I remember reading once that Jodie Foster seeks out roles that were written for men but could be played just as well by women. I think the same mentality should apply when writing and performing fat characters: If you switch them out for thinner actors and can’t tell the difference, you’ve probably got a successful, non-offensive character who’s not going to remind girls that fat bodies are ugly and the people in them are unlovable.
The character I always come back to when I’m thinking about representations of fat ladies on TV is Sookie St. James from Gilmore Girls. Played by Melissa McCarthy, Sookie was lovable and cool and funny and successful and clever. She was a businesswoman, an amazing chef, and a great friend. She was adored by her husband, her children, and everyone who knew her. In all 153 episodes of Gilmore Girls, I cannot remember one single occasion when her weight was a point of conversation. It was never framed as a positive or a negative: The dudes who were into Sookie never fetishized her for her weight, and the ones who weren’t never used it as a reason. Her friends never discussed it behind her back. She never attempted to change her body or collapsed in a heap with a bag of cookies when things didn’t go her way. Her body mattered less than her personality and talent.
Melissa McCarthy changed the game again in Bridesmaids, in which a bride, Lillian, played by Maya Rudolph, is kind of obligated to include her fiancé’s sister, Megan (McCarthy), in the wedding party. Megan tags along on all the bridal party activities, stealing every scene. She is brash and kind and intelligent and loyal. The actress’s weight in no way influences or alters who the character is at her core. The third time I saw Bridesmaids in the theater, I became aware of how totally my reaction to this character differed from those of the people around me Megan comes on to Air Marshal Jon(played by Ben Falcone, McCarthy’s real-life husband), I laughed—because a woman hitting on an air marshal by suggesting they “go into the restroom and not rest” is funny.
But a group of people sitting near me in the theater could not contain their disgust at the sight of an aggressively flirtatious fat woman daring to even mention sex in a movie. Instead of laughing, they groaned, and when the credits rolled over a “leaked” tape of Megan and Jon engaging in sandwich-centric foreplay, these audience members faked vomiting noises and declared, “I can’t watch this!”
I don’t think their disgust was about watching a woman being assertive about her sexuality—when Wendi McLendon-Covey’s frustrated-wife character, Rita, declared she wanted balls in her face at the bachelorette party, nothing but giggles filled the cinema. And it probably wasn’t the way Megan and Jon were getting freaky with the sandwich—the dodgy spit-roasted lunch scene and its hilariously gross aftermath in the bridal salon (if you haven’t seen the movie, it involves basically every bodily function) got only belly laughs, and it would be hard to find food-related territory more barftastic than that. I’ll never know for sure what those people were thinking or feeling, but I’d be willing to bet my collection of Swatch watches that they were disgusted—rather than amused by—the couple’s behavior purely because Megan was a fat woman, period, and they’ve spent their movie-going lives being trained to either laugh at or be disgusted by people who look like her (and me).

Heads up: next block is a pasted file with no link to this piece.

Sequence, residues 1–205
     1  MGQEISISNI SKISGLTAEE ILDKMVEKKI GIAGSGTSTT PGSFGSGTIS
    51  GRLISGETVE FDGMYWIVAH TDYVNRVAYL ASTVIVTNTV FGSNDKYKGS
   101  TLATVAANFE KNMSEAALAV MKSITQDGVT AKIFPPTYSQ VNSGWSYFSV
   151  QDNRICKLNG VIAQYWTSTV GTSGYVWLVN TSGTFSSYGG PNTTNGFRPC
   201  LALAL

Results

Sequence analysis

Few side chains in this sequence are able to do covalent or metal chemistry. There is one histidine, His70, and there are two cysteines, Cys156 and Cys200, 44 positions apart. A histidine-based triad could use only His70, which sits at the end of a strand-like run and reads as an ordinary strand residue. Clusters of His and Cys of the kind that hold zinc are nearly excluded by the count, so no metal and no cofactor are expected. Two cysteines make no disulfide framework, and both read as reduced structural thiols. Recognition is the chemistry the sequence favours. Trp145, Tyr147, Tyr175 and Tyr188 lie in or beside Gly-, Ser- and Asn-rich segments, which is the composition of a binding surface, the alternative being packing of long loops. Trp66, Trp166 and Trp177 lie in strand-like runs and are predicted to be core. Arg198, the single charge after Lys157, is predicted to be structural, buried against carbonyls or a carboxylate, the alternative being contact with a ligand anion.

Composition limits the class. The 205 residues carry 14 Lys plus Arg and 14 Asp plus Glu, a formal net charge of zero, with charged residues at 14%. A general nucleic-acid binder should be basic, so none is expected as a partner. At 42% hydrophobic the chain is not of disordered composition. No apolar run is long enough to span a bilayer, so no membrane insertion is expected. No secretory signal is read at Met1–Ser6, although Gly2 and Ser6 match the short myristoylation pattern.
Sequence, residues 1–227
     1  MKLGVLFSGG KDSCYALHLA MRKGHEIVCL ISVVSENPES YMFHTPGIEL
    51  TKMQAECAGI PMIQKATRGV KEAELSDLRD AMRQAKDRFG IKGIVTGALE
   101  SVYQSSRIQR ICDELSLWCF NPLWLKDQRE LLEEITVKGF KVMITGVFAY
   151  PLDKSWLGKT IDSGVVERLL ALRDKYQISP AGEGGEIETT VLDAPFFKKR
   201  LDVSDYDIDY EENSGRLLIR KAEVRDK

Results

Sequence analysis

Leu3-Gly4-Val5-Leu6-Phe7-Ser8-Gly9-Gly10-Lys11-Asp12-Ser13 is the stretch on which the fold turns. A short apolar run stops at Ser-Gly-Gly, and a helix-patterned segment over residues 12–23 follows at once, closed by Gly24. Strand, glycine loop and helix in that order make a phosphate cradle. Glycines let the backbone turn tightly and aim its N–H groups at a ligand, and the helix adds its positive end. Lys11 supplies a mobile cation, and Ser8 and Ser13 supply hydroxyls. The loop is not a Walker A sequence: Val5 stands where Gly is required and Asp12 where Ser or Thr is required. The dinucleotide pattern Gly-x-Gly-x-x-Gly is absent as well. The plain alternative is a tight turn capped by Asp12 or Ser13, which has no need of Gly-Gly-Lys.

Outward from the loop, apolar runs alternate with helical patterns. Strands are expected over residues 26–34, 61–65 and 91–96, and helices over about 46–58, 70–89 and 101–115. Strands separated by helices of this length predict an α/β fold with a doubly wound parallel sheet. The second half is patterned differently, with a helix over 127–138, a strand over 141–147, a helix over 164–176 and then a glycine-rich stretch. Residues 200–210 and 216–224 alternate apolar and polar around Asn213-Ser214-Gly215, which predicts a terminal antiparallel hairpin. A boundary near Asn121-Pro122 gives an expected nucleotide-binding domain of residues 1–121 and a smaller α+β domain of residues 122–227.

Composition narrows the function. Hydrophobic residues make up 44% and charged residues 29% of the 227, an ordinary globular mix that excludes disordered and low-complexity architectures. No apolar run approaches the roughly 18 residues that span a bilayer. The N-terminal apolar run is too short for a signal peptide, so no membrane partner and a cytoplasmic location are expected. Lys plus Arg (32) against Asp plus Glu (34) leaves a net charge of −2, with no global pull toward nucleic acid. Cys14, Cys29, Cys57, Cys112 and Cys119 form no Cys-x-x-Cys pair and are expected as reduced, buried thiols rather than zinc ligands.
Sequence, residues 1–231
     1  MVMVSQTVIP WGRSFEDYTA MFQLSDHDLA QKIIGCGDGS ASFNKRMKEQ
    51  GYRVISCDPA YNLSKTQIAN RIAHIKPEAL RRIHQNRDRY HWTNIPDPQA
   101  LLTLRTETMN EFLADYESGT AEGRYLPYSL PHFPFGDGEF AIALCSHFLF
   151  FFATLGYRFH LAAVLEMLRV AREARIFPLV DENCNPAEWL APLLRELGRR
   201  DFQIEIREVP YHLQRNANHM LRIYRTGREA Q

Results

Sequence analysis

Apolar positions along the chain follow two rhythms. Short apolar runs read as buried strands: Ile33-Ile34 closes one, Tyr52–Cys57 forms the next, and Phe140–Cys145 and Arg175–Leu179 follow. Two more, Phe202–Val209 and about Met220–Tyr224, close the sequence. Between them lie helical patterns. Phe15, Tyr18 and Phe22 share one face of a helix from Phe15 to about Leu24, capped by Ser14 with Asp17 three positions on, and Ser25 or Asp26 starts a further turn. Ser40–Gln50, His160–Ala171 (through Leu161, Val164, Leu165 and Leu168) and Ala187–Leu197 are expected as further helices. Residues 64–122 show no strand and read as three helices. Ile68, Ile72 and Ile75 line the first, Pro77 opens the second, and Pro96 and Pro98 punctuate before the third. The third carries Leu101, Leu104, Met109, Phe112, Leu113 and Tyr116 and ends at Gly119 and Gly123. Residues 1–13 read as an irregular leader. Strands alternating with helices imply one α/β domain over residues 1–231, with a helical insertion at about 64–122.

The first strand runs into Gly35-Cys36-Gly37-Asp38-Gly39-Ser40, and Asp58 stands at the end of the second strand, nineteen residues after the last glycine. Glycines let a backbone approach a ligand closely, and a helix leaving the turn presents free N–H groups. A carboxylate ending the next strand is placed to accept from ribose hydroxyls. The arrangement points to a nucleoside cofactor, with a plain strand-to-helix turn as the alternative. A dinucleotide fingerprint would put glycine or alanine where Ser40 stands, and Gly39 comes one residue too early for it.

In a way, I can understand how that happened. Plotlines have reinforced the message to me my entire life that I am unlovable, that anyone who pays any romantic attention to me is doing it for a dare or a bet, or they’re a fetishist who gets off on fat girls. They tell me I’ll only find love with the most desperate dudes, like Kyle Edwards, DJ Qualls’s dweeby character in Road Trip—a shy nerd who genuinely sees fat women as boast-worthy sexual conquests. Get a load of this loser: He’s treating all women equally, no matter their size! His douchey friends are quick to remind him that fucking fatties is a pastime to keep secret. When Kyle produces a girl’s plus-size animal-print underwear after losing his virginity to her, Sean William Scott proclaims, “Did you kill a cheetah!?”
This shit matters to me. If we’re trained to mock the idea that fat women can be desirable, or make barfing noises every time we see someone McCarthy’s size in a sex scene, we’re going to think it’s OK to act like jerks if we see a fat girl dancing with her friend in a club. If we’re taught to laugh at women because they’re the size of Paltrow’s character in Shallow Hal or Wilson’s in Pitch Perfect or Super Fun Night, , we’re going to treat a fat person differently next time we’re given a seat next to them on an airplane. On the opposite hand, seeing fat people represented as real people in the media would have a positive effect on how real fat people are viewed and treated. When fat female characters are allowed to be more than just one thing, it convinces people that real fat women can be, too.
I’m lucky to be surrounded by people to whom I’m like Rae, Sookie, or Megan: My weight is incidental. It’s a huge part of who I am (pun intended), but it doesn’t define me. Even still, this is personal. If and when fat women on TV and in movies stop being presented as sad, lonely, dateless, hopeless, lazy losers, people might stop calling out fat “jokes” from their cars as I walk down the street, and I won’t have to pretend not to hear them as I try not to trip over my feet. Dudes might stop hitting on me based on an assumption that I’m desperate or that I will jump into bed with them if they just say, “I like bigger girls.” Maybe my mind and my personality and my dance moves and my sense of humor and who I am as a person will be the first things they acknowledge and (dare I say it) respect. ♦